The other proposal was to develop the RE, which began life with neither front wheel brakes nor electric starter (the regular Trojan had a ratcheted lever on the floor that spun the engine into life), but had a smart Riley-style two-door fabric saloon body. Cycle-type wings, low build, and with the engine now upright in what looked like a luggage trunk at the rear, it went on sale in 1929 for £179. It scored well on appearance against Standard, Triumph, and Singer but suffered a fundamental shortcoming.
Its evaporative cooling system, with header tanks and cooling matrix in the lid of the rear trunk and radial vanes on the flywheel to blow air through, was problematical. Production REs tried a conventional-looking rounded radiator at the front. Pipes ran underneath warming occupants’ feet but not cooling the engine. From 1931 to 1934, only some 250 were sold and Trojan went back to what it was best at - vans.
Leslie Hounsfield, aged 56, left in despair. He had invented a folding sprung-frame camp bed as a sideline and set up on his own, making it until the 1950s.
Trojan’s other big idea was the Mastra. In 1935 it was priced at £395 for a 4-door saloon, £380 for a convertible with two cylinders added to the square four by cutting engines in half and welding them in place. This made a sort of oblong six, and unlike the RE where it was upright, it was once again laid on its side, at the rear of the chassis. Rubber-mounted above the axle centre-line, inlet ports uppermost and exhausts underneath, it had a single-plate clutch and 3-speed synchromesh gearbox. The chain drive was enclosed in a transverse casing, connecting through a forward-facing shaft to a worm drive on the offset back axle.
The structure looked reassuring with channel-section side members, boxed in the middle, and a tubular sub-frame for the engine and gearbox. Suspension was by cantilever springs, with extra torque members on the tubular front axle, and semi-elliptics at the back. Brakes were Girling mechanical. Lessons from overheating REs were not forgotten and an engine-driven pump speeded the flow of coolant to and from the radiator at the prow. A by-pass valve was fitted to warm the interior. A front fuel tank helped counterbalance the weight of the engine at the back, at any rate when it was full, and was high-mounted to provide a gravity feed to the Trojan-made variable jet carburettor.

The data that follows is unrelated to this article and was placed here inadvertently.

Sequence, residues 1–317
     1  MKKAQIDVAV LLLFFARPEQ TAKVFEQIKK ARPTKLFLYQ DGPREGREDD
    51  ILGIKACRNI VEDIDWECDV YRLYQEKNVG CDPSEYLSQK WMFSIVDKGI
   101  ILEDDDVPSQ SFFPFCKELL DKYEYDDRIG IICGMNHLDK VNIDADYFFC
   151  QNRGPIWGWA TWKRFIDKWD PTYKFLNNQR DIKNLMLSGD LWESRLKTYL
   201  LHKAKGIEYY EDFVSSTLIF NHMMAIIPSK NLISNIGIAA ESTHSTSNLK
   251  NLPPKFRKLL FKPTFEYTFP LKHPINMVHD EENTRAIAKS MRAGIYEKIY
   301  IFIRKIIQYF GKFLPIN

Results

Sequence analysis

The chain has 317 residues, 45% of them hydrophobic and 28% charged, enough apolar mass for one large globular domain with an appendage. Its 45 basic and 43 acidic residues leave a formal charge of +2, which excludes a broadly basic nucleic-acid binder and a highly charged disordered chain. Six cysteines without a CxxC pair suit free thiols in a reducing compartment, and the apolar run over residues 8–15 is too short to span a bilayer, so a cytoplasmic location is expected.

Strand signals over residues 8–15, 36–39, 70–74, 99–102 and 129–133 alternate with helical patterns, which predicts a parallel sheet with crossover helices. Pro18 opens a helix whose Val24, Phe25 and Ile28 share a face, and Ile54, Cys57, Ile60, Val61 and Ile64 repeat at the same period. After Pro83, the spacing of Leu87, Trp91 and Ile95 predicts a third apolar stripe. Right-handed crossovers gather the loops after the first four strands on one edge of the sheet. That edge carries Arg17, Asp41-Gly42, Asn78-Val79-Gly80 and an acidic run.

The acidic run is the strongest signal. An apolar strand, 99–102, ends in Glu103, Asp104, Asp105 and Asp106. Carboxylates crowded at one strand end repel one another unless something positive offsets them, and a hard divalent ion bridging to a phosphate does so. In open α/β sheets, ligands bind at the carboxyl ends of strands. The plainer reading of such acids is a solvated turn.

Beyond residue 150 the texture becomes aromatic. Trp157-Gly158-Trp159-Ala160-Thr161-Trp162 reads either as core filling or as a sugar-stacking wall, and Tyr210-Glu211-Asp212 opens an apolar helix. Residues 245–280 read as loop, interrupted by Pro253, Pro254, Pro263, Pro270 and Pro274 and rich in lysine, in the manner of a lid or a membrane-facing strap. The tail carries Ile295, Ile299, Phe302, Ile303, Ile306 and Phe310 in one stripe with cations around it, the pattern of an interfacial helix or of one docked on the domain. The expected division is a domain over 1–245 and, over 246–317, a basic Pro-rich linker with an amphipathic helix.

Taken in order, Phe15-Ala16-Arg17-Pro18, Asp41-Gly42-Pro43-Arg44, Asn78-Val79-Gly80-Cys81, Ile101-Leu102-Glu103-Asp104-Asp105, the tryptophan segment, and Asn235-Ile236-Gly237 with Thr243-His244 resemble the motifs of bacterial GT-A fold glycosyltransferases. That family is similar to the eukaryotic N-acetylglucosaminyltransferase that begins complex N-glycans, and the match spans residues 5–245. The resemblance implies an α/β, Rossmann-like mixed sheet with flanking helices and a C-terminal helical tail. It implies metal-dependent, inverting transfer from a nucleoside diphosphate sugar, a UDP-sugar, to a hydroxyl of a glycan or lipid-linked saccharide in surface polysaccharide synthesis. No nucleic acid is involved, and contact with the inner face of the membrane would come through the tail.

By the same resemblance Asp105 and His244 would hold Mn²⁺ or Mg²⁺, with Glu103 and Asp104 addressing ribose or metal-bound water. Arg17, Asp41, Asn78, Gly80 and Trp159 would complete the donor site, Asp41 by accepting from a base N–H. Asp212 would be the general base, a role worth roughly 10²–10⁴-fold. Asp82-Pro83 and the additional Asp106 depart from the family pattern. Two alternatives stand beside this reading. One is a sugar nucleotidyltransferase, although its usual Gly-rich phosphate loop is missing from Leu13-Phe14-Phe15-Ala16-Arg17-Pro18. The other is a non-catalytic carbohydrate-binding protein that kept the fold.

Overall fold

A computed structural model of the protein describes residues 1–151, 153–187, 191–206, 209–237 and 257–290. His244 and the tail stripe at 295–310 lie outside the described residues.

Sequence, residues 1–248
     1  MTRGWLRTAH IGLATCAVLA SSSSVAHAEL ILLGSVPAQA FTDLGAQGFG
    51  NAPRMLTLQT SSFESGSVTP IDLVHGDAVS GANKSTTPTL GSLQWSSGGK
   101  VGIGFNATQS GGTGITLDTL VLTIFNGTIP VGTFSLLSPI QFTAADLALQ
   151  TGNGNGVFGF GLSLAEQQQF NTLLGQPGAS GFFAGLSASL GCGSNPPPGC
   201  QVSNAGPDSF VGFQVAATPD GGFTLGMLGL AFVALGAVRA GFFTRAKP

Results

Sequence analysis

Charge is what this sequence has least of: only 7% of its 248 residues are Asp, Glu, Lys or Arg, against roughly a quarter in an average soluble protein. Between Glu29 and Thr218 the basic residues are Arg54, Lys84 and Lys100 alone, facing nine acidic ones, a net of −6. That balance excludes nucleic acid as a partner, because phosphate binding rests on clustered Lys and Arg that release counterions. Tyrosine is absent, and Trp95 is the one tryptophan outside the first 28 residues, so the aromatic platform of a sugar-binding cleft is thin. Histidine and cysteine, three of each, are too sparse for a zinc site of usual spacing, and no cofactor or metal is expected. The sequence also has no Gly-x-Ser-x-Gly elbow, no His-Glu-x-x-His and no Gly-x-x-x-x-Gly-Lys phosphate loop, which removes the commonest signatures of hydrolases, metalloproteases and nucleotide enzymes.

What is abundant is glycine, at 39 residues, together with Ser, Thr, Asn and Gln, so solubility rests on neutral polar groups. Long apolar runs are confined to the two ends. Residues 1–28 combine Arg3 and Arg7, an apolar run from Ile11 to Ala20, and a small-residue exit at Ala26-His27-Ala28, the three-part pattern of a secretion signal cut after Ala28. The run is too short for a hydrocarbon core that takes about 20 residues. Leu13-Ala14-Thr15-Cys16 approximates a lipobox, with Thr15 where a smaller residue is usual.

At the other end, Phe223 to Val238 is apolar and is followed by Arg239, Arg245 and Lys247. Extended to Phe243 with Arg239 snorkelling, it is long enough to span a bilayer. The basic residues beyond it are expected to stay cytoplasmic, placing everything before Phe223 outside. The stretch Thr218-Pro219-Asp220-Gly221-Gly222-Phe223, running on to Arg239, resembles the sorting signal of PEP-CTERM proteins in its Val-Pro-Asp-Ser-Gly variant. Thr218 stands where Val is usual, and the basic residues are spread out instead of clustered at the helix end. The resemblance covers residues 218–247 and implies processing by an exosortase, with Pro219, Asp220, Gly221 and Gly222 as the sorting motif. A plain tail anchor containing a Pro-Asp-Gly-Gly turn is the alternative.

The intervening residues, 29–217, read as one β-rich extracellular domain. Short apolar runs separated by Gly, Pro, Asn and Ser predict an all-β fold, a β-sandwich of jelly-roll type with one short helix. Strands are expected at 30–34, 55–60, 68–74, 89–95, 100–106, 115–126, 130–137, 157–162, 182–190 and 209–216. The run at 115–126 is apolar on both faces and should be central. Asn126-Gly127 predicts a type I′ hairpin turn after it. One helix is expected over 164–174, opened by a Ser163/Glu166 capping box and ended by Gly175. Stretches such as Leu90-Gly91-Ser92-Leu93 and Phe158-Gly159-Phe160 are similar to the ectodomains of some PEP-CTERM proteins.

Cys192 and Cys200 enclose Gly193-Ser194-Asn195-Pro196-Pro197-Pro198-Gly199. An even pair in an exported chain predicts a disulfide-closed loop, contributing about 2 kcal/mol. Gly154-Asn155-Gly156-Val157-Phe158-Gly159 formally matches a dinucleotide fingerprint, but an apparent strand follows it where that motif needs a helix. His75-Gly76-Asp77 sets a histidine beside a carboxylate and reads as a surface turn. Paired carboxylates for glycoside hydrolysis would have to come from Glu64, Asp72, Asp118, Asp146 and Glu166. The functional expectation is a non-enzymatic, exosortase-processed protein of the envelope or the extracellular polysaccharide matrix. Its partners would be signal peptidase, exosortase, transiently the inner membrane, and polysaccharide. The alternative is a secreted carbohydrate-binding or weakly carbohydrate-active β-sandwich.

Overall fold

Bodywork this time looked more Wolseley than Riley, made by the newly revived Ranalah Coachworks, at Merton in South-West London. The saloon was a well-proportioned fastback, with a lump accommodating the final chain gearcase, Jackall hydraulic jacking, petrol warning light and self-cancelling indicators.
Trojan was cagey about power output of the 63.5mm x 117.5mm 2232.7cc engine. The 4-cylinder had not provided much more than 11bhp (8.2kw) for the 1315lb (596.48kg) Trojan in 1923 but even if the 6-cylinder was twice as powerful twelve years later, the Mastra was by no means swift. Such power as it did develop was dissipated in the tortuous transmission system and top speed was not much more than the RE’s 35mph. Wheelbase was 114in (289.56cm); track 57in (144.78cm); length 192in (487.68cm); and width 69in (175.26cm).
The Mastra was a determined effort, and although Trojan did not conceal its connection with it, the press was happy to regard it as an entirely new make of car. The Motor thought: “Students of design will find the Mastra exhibit a most interesting one.” It considered the 6-cylinder two-stroke mounted at the rear: “…a form of construction which many people believe will become common practice before long.” Symptomatic of Trojan’s aspirations, in publicity drawings a chauffeur drove the convertible.
It seems unlikely that either of the cars shown at Olympia, “in attractive metallic blue” was a runner. Perhaps the saloon never was, although the convertible underwent some kind of proving trial in Devon. At £10 more than the new SS Jaguar neither stood a chance. Three plywood bodies were once discovered rotting at the back of the works, along with engines. All were consigned to scrap in the 1950s.